Self-proclaimed “mad scientist” Bertrand Nepveu wanted to take a sip of beer but couldn’t see the bottle while wearing his start-up’s virtual reality headset.
The dreadlocked engineer therefore sought a solution to not be able to see real objects while being immersed in a virtual world. His company Vrvana repurposed the cameras in its “Totem” prototype, which was designed to detect a user’s position, to allow users to see their surroundings as well.
This breakthrough led Apple to acquire Vrvana for $30 million in 2017. The acquisition is just one of twelve virtual and augmented reality purchases the iPhone maker has made over the past six months. years.
Apple’s own headset, the long-awaited culmination of all those deals and a huge investment in research and development, is shaping up to be its most important new product since the iPhone.
Apple’s Worldwide Developers Conference in San Francisco on June 6 could be the $2 billion company’s last big gathering before unveiling the headphones as soon as this fall, giving it one last chance to rally fans and chart the course. way to a new generation of computing hardware.
Little is known about Apple’s new product, but Vrvana’s “pass through” video system should be a key feature. The idea is to turn the closed world of VR headsets upside down, allowing the device to allow users to also see the physical world around them overlaid with digital images.
“We redid everything to merge AR and VR, for the first time, in a single device,” said Nepveu, who declined to discuss his work at Apple before leaving last year.
Such breakthroughs have led to the belief that Apple could once again launch a device that could transform the technology, media and entertainment industries as it has done before with the iPod, iPhone and iPad.
“I believe there is a way you [won’t] need your phone and [augmented reality] eyewear will evolve into the next computing platform,” said Cristiano Amon, chief executive of Qualcomm, a chip supplier to the world’s largest device makers including Apple, Samsung and Meta, Facebook’s parent company.
While few analysts expect AR to become mainstream overnight, Citi researchers expect 1 billion people – roughly the number of iPhone users today – are wearing helmets by 2030, supporting a market worth up to $2 billion in revenue.
To achieve this lofty goal, Apple and its Silicon Valley rivals are racing to solve technical challenges. For many, the way virtual reality cuts users off from the world is clumsy and antisocial. Some users have complained of feeling vulnerable or stupid while wearing bulky headsets. Enough gamers get injured for “best VR crashes” to proliferate on YouTube.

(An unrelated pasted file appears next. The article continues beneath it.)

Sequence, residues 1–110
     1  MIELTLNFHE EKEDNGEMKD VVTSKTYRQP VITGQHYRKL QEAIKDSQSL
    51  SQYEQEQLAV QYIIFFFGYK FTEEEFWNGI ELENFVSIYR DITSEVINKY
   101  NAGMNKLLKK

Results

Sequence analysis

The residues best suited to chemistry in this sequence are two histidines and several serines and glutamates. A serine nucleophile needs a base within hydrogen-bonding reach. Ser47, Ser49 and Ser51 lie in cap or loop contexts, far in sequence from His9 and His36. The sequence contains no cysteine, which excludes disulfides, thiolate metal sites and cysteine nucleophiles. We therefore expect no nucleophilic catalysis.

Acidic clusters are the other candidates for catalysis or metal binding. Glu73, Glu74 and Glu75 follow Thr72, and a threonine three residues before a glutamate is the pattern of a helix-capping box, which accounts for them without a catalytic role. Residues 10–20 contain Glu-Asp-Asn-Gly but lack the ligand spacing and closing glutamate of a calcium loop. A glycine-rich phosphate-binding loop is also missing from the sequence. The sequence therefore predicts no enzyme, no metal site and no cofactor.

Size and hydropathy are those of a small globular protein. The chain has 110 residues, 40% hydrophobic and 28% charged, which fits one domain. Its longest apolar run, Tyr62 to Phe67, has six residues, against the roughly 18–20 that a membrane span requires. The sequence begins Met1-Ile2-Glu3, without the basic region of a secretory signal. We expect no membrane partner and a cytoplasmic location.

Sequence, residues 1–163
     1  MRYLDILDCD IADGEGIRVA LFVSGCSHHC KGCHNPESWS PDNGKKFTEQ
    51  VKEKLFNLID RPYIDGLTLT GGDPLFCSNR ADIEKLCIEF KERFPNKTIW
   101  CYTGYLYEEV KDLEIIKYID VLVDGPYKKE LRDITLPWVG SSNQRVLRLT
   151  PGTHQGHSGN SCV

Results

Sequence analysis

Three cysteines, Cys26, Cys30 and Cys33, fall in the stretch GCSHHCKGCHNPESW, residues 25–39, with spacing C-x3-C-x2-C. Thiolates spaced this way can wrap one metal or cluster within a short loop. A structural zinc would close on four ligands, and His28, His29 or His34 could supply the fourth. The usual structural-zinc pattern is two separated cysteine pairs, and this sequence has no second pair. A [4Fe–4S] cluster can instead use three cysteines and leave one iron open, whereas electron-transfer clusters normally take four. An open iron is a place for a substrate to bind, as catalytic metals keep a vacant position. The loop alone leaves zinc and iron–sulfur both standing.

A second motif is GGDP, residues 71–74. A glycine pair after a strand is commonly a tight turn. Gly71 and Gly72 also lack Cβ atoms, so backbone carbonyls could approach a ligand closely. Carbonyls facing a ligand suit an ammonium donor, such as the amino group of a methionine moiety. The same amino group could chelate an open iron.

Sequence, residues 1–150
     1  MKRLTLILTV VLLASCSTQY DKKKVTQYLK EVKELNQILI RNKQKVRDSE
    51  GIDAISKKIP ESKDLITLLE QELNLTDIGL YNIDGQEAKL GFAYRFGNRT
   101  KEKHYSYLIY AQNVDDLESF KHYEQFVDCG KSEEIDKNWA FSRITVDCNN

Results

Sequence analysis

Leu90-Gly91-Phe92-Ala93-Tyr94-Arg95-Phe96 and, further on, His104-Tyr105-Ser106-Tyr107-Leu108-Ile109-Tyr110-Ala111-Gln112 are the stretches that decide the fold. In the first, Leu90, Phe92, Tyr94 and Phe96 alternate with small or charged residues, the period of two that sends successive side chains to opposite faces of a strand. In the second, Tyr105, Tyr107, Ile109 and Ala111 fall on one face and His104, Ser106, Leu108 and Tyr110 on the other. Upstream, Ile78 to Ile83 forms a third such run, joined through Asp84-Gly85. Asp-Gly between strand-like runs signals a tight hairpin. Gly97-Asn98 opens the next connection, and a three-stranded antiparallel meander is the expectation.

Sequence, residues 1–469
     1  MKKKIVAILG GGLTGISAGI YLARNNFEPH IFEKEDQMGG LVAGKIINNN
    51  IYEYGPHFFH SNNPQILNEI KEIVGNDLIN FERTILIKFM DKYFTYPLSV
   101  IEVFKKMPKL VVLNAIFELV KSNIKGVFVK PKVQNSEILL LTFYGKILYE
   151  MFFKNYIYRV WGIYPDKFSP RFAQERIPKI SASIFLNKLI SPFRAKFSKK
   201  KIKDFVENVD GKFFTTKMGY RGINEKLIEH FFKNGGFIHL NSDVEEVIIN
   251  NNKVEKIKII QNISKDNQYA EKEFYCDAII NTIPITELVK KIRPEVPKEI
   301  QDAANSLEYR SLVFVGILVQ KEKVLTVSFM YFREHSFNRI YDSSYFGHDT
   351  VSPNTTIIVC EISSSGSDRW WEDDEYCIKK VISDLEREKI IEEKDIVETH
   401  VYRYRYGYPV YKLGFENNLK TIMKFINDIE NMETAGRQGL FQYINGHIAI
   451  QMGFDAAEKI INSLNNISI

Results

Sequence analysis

These issues have led to existing headsets made by groups such as Meta remaining a niche product with few regular users other than gamers.
Timoni West, vice president of emerging tools at Unity, a video game software company that works closely with Apple and iPhone app developers, calls it “the biggest problem” in virtual reality.
Most people have little interest in wearing something West likens to a snorkel mask. “It can still be a bit scary,” they said. “And for a class of people who want to be able to see everyone in space with them, then that’s kind of a no-start. »
The VR market remains tiny compared to PCs and smartphones, but is currently dominated by Meta. Sales of its Quest 2 headset reached around 10 million units last year, giving Meta 78% of the VR market, according to research house IDC. This gives Meta a leg up on Apple in understanding what consumers want and attracting app developers to its platform.
Meta now has 17,000 employees working on “metaverse” technology, with a budget of around $3 billion per quarter. Mark Zuckerberg has said his high-end ‘Cambria’ headset – another hybrid VR/AR device with pass-through video similar to those rumored for Apple’s first device – will launch later this year.
This investment makes it unlikely that Apple’s first headset will do to the Quest what the iPhone did to the BlackBerry anytime soon.
“We are far from [Apple chief executive] Tim Cook took the stage and said, “It’s the device that replaces your smartphone,” says Sam Cole, CEO of FitXR, a virtual reality fitness app.
Multiple innovations are needed in areas as diverse as battery power, user interface, and physical comfort for VR and AR headsets to transition from niche gaming applications to the daily routine of tens of millions of people.
When Apple created the iPhone, its biggest breakthrough was replacing a physical keyboard with a multi-touch screen.
Matt Tullis, senior executive at Tencent-backed startup UltraLeap, predicts that using natural hand gestures, rather than game controllers or gamepads, will be key to integrating augmented reality. “Manual monitoring will consist of [AR] what multi-touch was for the iPhone,” he said.
Tipatat Chennavasin, a VR investor at the Venture Reality Fund, said he expects Apple’s first headset to be an expensive device aimed at professional designers and developers, the same customers who adopted the Macintosh a while ago. decades. “It’s not the iPhone time, it’s the Mac time,” he said.
Apple’s advantages over Meta can be seen in its expertise in combining services, software and hardware, including designing its own ultra-efficient chips. It also has an army of millions of iPhone app developers ready to rewrite their software to run on what is said to be called Apple’s “RealityOS” platform.
Sahar Fikouhi, founder of ARki, an iPhone AR app for viewing 3D architectural models, experimented with Microsoft Hololens but said only Apple’s platform could reach a wider audience.
“We are confident that Apple will be the company that produces a headset with mass market appeal,” she said.